highly strategic resources are likely to be centralised. 40 . which give cohesion to. They can be in Mode I or II. Today it is possible to have resource centralisation and functional decentralisation. primary activities. and in Mode II when the purpose is to offer an effective distribution of discretion. In a highly centralised organization most of this functional capacity is concentrated at the global level. The table can be used in Mode I. the resources producing a primary activity are other subsumed primary activities and their regulatory functions.e. Next we will look at modelling the distribution of complexity. Geography and Time Models  It is often necessary to consider geography and time when defining the organization’s primary activities. This approach often creates bottlenecks. In Mode II these models are produced using expert advice. This is reflected in their unfolding of complexity.©Syncho Research 2008 “Viplan Method” Overview of the method as developed in Viplan Learning System Technological Models  These are models of the activities producing the transformation in the identity statement. recursive organizations) have links between functions within the autonomous units themselves. Strategies to manage this distribution of functional capacity are strategies to manage the organization’s complexity. when the purpose is to map the actual distribution of resources and discretion throughout the organization. Organizations with a functional structure are highly centralised since they depend on central people to make links between functions. In a decentralised organization the functional capacity is distributed in primary activities at all structural levels. In Mode I these models are produced by observing the transformation. In general they contain. Customer‐Supplier Models  These are models of the organization’s relations with customers and suppliers. The Recursion-Function table is a tool to discuss different strategies to manage an organization’s complexity. Communication technology may even permit the expert to make this contribution from the centre. while widely abundant resources are likely to be made available everywhere in the organization. Scarce. the primary activity. thus distributing complexity and functional capacity. What geographic coverage is required? Are shifts necessary? Is time a fundamental concern in delivering products? Chapter 6 Distribution of Discretion and Mechanisms  Distribution of Discretion  Primary activities are ‘real’ or ‘virtual’ autonomous units producing the organization’s products or services. A globally located expert can be shared by multiple primary activities and be accountable to several local managements. However. Organizations with effective autonomous units within autonomous units (i. and develop. Therefore. without the need to be physically present in all places. resource centralisation does not necessarily imply functional centralisation. and are contained within. They help to work out primary activities based on products and market segments.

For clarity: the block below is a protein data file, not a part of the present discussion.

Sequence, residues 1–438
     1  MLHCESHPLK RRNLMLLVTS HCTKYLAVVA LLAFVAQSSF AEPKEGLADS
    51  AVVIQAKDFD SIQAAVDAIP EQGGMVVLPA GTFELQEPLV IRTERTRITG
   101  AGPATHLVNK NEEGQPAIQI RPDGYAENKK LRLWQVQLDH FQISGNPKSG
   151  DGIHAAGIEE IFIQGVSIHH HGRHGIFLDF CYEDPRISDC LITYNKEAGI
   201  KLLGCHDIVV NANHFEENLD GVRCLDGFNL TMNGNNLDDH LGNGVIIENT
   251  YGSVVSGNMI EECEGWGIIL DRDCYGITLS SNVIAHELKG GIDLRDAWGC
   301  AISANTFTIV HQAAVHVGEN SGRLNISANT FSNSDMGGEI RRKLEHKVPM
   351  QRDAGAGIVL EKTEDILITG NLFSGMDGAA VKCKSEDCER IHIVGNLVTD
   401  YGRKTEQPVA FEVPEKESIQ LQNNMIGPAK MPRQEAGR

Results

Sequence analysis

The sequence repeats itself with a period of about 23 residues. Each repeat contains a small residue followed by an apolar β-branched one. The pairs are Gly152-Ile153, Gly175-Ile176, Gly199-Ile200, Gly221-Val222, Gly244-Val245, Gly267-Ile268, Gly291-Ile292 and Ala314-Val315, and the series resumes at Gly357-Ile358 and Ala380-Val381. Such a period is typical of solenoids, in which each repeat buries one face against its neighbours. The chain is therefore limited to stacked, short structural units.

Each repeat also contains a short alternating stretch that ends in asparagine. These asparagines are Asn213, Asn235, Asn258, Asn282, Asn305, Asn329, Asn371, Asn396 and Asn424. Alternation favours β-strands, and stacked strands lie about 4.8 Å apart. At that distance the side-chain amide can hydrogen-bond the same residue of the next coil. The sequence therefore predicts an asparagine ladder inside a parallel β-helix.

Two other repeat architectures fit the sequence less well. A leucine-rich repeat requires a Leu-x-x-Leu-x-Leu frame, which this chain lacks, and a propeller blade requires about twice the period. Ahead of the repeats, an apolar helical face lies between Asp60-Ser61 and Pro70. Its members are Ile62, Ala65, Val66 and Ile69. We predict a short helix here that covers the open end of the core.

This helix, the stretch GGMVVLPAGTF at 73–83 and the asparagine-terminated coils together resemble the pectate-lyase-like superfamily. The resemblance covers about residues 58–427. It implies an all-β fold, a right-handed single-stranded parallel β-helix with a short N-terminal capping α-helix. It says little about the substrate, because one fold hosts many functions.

Regulatory functions such as legal services. sales and quality systems are shown on the horizontal axis (see Figure 37). personnel. The vertical axis shows the primary activities of the two lowest levels of recursion for the car company.©Syncho Research 2008 “Viplan Method” Overview of the method as developed in Viplan Learning System Figure 36 Recursion and Discretion Modelling Distribution of Discretion  Regulatory functions are attributed to primary activities. finance. Production Scheduling Quality Assurance Quality System Process Development Equipment Development Maintenance Factory Logistics ► ► ► ► ► ► ► ► Machine ► ► ► ● Assemble ♦ ♦ ♦ ● Finish ♦ ♦ ● ● Figure 37 Table Recursion-Function for Engine 1 41 Goods in/out/Stores Production Management ► Buying Administration Marketing ► Sales ► Quoting Training Credit Control Finance Personnel Engine 1 Capital Expenditure Recursion Legal Function . capital expenditure.